He crossed the room and lifted the blind from before one of the high windows which opened seawards.  In the panel of the wall, between the window to which he addressed himself and the next one, was a tall, gilt mirror, relic of the days, some hundreds of years ago, when the apartment had been used as a drawing-room.  Julian, by the merest accident, for the pleasure of a stolen glance at Catherine, happened to look in it as he leaned over towards the window fastening.  For a single moment he stood rigid.  Catherine had risen to her feet and, without the slightest evidence of any fatigue, was leaning, tense and alert, over the tray on which his untouched whisky and soda was placed.  Her hand was outstretched.  He saw a little stream of white powder fall into the tumbler.  An intense and sickening feeling of disappointment almost brought a groan to his lips.  He conquered himself with an effort, however, opened the window a few inches, and returned to his place.  Catherine was lying back, her eyes half-closed, her arms hanging listlessly on either side of her chair.

“Is that better?” he enquired.

“Very much,” she assured him.  “Still, I think that if you do not mind, I will go to bed.  I am troubled with a very rare attack of nerves.  Drink your whisky and soda, and then will you take me into the drawing-room?”

He played with his tumbler thoughtfully.  His first impulse was to drop it.  Intervention, however, was at hand.  The door opened, and the Princess entered with Lord Shervinton.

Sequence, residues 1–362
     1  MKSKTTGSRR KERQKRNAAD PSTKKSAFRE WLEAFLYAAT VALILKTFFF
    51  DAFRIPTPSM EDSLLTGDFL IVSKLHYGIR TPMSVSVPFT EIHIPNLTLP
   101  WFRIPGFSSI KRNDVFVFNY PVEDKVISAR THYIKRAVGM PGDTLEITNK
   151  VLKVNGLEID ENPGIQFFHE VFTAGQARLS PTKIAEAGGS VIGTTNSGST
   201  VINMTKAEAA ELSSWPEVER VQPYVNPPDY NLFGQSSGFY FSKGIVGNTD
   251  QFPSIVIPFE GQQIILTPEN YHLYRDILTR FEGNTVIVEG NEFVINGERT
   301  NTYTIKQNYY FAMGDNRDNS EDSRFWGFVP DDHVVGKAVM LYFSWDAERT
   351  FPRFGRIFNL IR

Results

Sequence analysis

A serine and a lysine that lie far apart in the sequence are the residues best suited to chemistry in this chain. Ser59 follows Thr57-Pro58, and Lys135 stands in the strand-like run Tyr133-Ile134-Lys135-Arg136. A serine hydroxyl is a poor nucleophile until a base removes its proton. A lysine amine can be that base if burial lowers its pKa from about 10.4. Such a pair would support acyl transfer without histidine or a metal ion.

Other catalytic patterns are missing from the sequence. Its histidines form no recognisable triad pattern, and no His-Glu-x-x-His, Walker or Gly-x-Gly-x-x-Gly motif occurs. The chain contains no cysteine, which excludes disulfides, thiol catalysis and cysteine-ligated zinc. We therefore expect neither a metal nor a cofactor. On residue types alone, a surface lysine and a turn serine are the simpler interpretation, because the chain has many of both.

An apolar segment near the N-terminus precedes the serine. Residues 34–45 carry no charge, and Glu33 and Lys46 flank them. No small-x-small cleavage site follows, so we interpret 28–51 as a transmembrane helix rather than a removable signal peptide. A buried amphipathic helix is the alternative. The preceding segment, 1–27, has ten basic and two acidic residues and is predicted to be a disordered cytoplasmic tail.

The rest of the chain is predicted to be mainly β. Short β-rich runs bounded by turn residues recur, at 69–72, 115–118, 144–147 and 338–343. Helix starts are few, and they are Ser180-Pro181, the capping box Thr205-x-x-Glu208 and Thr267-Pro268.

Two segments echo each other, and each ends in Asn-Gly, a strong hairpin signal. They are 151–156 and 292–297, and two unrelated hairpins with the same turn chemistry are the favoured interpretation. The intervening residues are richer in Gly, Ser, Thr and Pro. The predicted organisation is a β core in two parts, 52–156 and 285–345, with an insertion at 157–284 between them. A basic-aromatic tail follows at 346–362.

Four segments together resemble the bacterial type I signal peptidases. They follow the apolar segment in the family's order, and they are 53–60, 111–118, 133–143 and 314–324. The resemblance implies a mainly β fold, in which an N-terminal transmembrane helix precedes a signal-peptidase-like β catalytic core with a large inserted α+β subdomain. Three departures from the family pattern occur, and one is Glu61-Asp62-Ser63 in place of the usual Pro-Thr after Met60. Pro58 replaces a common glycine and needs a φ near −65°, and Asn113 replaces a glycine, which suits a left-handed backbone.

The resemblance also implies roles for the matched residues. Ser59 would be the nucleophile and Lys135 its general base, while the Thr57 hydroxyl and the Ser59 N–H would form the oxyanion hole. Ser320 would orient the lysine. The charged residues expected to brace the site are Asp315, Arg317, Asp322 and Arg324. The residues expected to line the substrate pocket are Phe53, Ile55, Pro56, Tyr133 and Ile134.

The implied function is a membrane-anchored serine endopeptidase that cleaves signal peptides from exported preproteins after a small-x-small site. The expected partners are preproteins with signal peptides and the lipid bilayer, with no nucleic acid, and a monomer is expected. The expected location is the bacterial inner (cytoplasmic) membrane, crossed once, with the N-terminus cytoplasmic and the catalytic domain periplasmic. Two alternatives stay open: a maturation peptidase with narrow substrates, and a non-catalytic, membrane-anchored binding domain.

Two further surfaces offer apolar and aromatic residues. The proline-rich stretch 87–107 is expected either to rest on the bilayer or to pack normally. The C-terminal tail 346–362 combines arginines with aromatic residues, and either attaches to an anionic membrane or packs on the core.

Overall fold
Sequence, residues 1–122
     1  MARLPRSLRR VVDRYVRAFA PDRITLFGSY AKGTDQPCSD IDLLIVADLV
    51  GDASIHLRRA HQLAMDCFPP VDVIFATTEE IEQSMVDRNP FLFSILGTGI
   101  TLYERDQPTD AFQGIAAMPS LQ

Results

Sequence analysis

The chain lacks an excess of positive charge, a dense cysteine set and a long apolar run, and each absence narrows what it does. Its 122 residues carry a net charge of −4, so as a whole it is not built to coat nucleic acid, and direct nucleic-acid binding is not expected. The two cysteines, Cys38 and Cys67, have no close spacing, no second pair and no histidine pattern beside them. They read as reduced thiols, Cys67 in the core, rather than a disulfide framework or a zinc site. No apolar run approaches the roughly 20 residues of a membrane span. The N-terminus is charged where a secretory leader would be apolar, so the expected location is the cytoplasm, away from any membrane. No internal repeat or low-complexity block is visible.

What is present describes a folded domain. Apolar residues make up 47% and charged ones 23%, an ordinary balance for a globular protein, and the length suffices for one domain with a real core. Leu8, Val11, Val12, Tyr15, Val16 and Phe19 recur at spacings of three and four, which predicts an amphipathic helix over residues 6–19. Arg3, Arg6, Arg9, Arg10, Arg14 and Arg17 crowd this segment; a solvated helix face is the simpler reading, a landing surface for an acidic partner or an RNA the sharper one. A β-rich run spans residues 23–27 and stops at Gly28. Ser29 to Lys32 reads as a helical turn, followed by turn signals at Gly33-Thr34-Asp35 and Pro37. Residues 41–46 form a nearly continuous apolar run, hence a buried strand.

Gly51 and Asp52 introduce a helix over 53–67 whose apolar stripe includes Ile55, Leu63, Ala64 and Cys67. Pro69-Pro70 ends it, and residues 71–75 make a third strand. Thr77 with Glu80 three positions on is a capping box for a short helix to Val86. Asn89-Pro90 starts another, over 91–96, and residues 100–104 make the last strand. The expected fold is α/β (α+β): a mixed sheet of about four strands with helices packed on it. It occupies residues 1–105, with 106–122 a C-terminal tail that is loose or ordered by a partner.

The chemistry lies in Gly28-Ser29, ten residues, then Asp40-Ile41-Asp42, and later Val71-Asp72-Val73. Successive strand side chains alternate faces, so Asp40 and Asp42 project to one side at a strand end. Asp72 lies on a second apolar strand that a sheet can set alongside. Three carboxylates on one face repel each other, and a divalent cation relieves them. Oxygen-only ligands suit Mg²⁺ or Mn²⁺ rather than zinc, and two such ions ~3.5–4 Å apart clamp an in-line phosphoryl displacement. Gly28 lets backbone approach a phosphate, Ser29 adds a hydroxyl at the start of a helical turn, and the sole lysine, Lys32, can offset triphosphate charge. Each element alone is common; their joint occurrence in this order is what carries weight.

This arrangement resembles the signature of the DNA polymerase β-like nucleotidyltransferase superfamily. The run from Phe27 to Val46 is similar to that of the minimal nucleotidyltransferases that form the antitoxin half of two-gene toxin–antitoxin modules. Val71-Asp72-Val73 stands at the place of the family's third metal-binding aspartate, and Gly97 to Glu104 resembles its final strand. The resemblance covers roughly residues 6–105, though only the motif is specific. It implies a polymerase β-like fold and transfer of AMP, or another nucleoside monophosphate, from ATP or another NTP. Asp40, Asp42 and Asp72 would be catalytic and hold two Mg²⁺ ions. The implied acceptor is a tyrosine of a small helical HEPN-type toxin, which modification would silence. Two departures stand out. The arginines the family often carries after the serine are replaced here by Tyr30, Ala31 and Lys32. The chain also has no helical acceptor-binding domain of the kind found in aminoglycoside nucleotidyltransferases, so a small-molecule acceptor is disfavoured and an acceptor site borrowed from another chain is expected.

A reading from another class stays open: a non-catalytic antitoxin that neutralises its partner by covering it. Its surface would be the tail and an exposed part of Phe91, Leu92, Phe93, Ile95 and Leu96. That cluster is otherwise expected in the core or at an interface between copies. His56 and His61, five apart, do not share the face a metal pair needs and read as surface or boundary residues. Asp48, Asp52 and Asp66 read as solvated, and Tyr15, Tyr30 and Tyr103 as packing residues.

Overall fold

“At last!” the former exclaimed.  “I have been looking for you everywhere, child.  I am sure that you are quite tired out, and I insist upon your going to bed.”

“Finish your whisky and soda,” Catherine begged Julian, “and I will lean on your arm as far as the staircase.”

Fate stretched out her right hand to help him.  The Princess took possession of her niece.

“I shall look after you myself,” she insisted.  “Mr. Orden is wanted to play billiards.  Lord Shervinton is anxious for a game.”

“I shall be delighted,” Julian answered promptly.

He moved to the door and held it open.  Catherine gave him her fingers and a little half-doubtful smile.

“If only you were not so cruelly obstinate!” she sighed.

He found no words with which to answer her.  The shock of his discovery was still upon him.

“You’ll give me thirty in a hundred, Julian,” Lord Shervinton called out cheerfully.  “And shut that door as soon as you can, there’s a good fellow.  There’s a most confounded draught.”